- Quarterly student surveys asking for feedback about the class.
Take Interest in Each Other
Find ways to learn about your students and let them learn about each other. This is both academically and personally. Genuine interest build connections.
- Let students do personal projects. This can be either a passion project on a topic they love or a project on exploring something about themselves. Give time for peers to learn from each other.
- Share about yourself with anecdotes. Create a room that shows who you are.
- Let students decorate their notebooks, desks, or lockers. Find ways that they can express who they are.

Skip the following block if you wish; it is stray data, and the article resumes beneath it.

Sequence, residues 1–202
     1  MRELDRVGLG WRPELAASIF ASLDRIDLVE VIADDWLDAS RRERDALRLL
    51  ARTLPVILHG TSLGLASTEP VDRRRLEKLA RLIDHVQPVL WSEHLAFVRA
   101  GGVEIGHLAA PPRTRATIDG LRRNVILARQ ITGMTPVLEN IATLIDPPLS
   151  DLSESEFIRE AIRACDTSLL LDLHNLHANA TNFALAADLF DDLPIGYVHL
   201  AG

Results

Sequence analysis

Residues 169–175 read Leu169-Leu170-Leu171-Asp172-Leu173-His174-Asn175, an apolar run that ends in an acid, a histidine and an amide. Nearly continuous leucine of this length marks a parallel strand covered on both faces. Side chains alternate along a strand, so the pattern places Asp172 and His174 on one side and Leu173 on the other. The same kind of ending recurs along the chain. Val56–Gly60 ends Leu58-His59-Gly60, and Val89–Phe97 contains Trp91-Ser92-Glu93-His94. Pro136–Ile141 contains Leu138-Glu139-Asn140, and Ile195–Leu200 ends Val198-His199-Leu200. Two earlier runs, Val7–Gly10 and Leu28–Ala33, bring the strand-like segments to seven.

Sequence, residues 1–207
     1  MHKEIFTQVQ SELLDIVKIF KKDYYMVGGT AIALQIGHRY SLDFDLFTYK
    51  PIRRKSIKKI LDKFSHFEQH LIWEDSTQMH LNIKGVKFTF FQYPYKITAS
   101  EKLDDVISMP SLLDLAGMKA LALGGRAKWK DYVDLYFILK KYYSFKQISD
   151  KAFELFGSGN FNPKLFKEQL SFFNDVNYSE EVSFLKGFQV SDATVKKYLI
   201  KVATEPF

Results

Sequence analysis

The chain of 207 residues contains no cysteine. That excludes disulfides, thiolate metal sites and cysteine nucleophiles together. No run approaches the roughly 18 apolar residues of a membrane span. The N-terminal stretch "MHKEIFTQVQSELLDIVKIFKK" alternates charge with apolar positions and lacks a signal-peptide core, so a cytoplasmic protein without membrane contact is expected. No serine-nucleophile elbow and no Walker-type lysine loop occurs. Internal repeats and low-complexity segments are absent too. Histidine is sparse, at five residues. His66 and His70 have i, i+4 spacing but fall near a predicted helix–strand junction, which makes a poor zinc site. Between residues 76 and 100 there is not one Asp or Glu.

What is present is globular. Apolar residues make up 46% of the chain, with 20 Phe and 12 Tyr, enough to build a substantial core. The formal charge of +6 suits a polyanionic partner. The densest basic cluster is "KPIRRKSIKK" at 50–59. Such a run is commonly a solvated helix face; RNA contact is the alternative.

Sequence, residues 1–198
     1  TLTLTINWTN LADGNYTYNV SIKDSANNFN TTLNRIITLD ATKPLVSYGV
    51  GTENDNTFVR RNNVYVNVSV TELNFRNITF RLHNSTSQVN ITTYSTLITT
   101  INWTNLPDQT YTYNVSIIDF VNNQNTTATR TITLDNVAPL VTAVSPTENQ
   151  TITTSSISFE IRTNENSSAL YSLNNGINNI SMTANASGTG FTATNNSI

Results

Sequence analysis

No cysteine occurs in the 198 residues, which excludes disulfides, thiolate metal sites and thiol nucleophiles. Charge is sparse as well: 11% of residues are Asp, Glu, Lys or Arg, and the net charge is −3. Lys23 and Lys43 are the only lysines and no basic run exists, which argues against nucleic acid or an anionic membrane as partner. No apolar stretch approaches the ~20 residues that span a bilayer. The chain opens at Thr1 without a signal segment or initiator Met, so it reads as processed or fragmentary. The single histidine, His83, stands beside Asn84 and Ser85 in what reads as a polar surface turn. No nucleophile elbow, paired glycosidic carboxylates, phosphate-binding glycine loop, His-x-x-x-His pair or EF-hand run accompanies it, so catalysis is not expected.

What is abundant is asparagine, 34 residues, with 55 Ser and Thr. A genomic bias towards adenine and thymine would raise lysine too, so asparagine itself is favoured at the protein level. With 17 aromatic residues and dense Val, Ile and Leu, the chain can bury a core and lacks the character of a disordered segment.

- Use morning meetings to share and ask questions about each other. Check out Responsive Classroom for morning meeting ideas.
Following up with students helps create trust, which is necessary for any healthy classroom community. Trust happens when we do what we say we will do.
- Create systems that help you follow up. A million things happen a day and it's easy to forget one student's concern.
- Class circles at the end of the day or end of the week. Have student circle up for the last 20 minutes on Friday afternoon. Have a topic to give it structure and allow for time to share concerns or ask questions. This is a good bookend to morning meetings.
- When a student comes with a concern, give them an IOU slip. You can owe them a longer conversation when there is time.
- Make sure students follow-up with each other when they hurt feelings or if they just wanted to say something. The best thing you can do is give them the language and process to have these conversations.